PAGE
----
Being able to respond to changes in sales trends or customer preferences is key for product sellers, as 54% of businesses were significantly impacted by reduced consumer spending in 2023. In cases like this, batch tracking can help prevent excess inventory and create cost savings so you can better handle temporary reductions in demand.

Waste reduction

Improving quality control leads to fewer products being thrown out, which helps reduce your overall waste. Setting up your equipment to produce batches of similar products also means you can avoid excess energy spending and machinery underuse. 

Cin7 can help you further reduce manufacturing waste by optimizing your inventory management.

Potential disadvantages of batch production

  • Potential for product obsolescence
  • More expensive than mass production
  • Longer production times

Potential for product obsolescence

If you sell products in an industry with rapidly changing trends or customer preferences, such as apparel or health and wellness products, producing large batches can lead to overstocking. It can also cause product obsolescence, which is when consumers no longer want a particular item because it’s out of style or outdated in comparison to new technology. 

You can reduce this risk by opting for smaller batches or using tools like Cin7 to analyze sales volume and improve inventory forecasts.

More expensive than mass production

While producing items in a series of steps provides superior quality control, the manufacturing process is complicated. As a result, it’s more expensive than mass production. The specialized equipment and technology needed for batch production also are costly.

That said, using software like Cin7 can help you track costs in detail and combine manufacturing processes with inventory management features. It enables you to identify opportunities to cut costs and rightsize your inventory, avoiding expensive issues like stockouts and overstocking.

Longer production times

The overall manufacturing process takes longer when you produce goods in batches instead of continuously. You can’t move on to the next stage until all the batch items are ready. In addition, you can’t start making the next batch until you’ve modified the production line, such as adjusting the fragrance, coloring, or spices to be added.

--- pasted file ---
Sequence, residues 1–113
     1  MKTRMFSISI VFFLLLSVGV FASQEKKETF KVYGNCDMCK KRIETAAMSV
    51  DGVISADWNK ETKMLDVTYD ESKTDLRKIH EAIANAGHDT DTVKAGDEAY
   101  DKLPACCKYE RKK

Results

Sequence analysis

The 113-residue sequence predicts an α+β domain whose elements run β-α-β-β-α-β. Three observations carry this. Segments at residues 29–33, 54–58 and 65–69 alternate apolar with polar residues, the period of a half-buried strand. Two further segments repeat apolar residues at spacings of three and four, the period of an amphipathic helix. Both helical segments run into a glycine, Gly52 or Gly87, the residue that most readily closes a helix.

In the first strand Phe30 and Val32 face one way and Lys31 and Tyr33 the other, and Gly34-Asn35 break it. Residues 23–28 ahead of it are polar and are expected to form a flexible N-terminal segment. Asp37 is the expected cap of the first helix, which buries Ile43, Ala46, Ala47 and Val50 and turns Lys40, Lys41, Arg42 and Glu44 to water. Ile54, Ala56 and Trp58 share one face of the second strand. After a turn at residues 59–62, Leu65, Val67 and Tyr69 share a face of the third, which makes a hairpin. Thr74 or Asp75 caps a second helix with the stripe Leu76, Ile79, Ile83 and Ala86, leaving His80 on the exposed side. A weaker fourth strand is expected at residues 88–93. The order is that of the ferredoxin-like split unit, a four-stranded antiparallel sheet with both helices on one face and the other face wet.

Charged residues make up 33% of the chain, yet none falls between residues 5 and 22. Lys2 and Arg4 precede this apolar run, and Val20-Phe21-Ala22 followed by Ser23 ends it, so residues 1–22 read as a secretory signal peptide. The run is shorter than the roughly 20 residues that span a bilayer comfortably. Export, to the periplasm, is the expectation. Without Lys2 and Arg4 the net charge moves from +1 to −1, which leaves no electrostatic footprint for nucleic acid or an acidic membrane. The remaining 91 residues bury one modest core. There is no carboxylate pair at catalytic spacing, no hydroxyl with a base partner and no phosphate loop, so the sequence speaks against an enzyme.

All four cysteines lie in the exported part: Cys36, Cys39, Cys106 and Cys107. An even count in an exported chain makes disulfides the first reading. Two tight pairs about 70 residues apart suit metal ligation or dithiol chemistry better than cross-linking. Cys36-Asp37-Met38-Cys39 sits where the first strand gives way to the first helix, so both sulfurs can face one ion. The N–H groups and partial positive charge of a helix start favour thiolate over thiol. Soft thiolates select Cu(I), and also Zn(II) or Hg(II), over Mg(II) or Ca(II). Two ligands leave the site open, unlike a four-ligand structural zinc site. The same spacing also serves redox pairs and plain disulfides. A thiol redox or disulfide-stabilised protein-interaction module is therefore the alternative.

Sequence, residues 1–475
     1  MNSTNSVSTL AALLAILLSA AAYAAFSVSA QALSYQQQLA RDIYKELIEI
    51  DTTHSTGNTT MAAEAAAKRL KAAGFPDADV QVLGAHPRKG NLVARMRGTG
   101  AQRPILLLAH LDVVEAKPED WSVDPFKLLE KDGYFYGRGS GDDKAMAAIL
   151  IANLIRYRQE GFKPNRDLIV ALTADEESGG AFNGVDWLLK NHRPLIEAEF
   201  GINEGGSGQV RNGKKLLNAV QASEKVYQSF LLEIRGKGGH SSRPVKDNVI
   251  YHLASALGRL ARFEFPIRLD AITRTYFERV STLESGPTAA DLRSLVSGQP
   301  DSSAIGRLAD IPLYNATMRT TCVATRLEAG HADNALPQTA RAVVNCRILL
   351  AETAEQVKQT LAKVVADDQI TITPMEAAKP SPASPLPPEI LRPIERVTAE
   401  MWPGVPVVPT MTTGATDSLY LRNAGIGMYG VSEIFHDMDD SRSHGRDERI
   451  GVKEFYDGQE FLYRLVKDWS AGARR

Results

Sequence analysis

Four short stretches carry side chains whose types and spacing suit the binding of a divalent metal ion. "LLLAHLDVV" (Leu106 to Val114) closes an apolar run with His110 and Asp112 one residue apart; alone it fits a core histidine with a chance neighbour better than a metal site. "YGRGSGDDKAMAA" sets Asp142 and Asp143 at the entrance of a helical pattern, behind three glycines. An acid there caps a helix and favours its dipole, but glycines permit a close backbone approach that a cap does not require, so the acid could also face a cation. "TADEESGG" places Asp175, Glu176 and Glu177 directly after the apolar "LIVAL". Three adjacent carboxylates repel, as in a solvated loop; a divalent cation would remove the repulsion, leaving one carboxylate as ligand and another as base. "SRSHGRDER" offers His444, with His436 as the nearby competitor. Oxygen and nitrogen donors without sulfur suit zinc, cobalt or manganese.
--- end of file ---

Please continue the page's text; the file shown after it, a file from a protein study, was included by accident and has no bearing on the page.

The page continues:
If you need to change machinery configurations or there’s a delay in getting the next phase ready, production times will be even longer.

How to use Cin7 for batch production

You can use Cin7 to enable batch production for simple and complex manufacturing processes using the Production Runs and Simultaneous Operations features.

Production Runs

Say you have a Production Order for 5,000 tables that involve two steps. First, you cut and sand the piece for the tabletop, and second, you attach the legs. If you wait until all 5,000 tabletops are cut and sanded before you attach the legs, that introduces inefficiency and longer production times.

With Cin7’s Production Runs, you can divide your total order into smaller portions. In this case, you might produce the tables in batches of 250 units. After the first batch is ready, you can move them to stage two while cutting and sanding the wood for the second batch.

Using batch production reduces the need for setup changeovers in between batches. It also leads to cost reduction by leveraging economies of scale and reducing holding expenses for items in between production stages.

Simultaneous Operations

For more complex manufacturing processes, Cin7 lets you implement parallel and non-parallel operations in a Production BOM. With this feature, you can perform two steps at the same time before moving on to the next, using “Join Queue” or “Fork Queue.”

When you use “Join Queue,” multiple steps can be combined into one before moving on to the next. 

Example of a “Join Queue” operation step.

In the example above, cutting and polishing can be done simultaneously, and then once both are finished, the batches go on to step two, which is packing.

The “Fork Queue” option lets you split one batch into multiple parallel steps.

Example of a “Fork Queue” operation step.

In this case, once a batch has passed through the cutting stage, it can simultaneously go through polishing and drying.

Cin7 allows for both simple and complex setups, making it an excellent option for businesses with more involved manufacturing processes.

What is a batch tracking system?

Batch tracking, also called lot tracking, is an inventory management tactic that puts products into groups based on similar characteristics, such as the production batch or expiration date. A batch tracking system is software that helps you automate this process. 

UK-based wall and flooring brand Tilemaze uses batch tracking in Cin7 to ensure all the items in an order come from the same pallet. This ensures consistency across the tiles, which can have slight variations in shade or size between batches.

Benefits of using batch tracking software include:

  • Improved traceability: Tracking becomes more straightforward and time-efficient, especially when it comes to tracking raw materials to sell finished products. With Cin7, you can place purchase orders with batch numbers and easily view the stock of each batch.
  • Inventory efficiency: You can manage materials better with greater stock visibility and prioritize using the oldest stock first, reducing waste, especially in perishable consumables.
  • Regulatory compliance: Compliance is vital, especially for pharmaceutical, health-related, and food products. A health and safety recall is much easier to facilitate with the right technology in place.

Get the full benefits of batch production with Cin7

Cin7 gives you end-to-end visibility into your inventory lifecycle, whether you use batch production or work with suppliers who do. By combining batch management and tracking features with real-time inventory insights and powerful sales forecasts, Cin7 enables you to operate more efficiently, increase profit margins, and always have the perfect amount of inventory. 

See how Cin7 can fit into your business with a free trial today.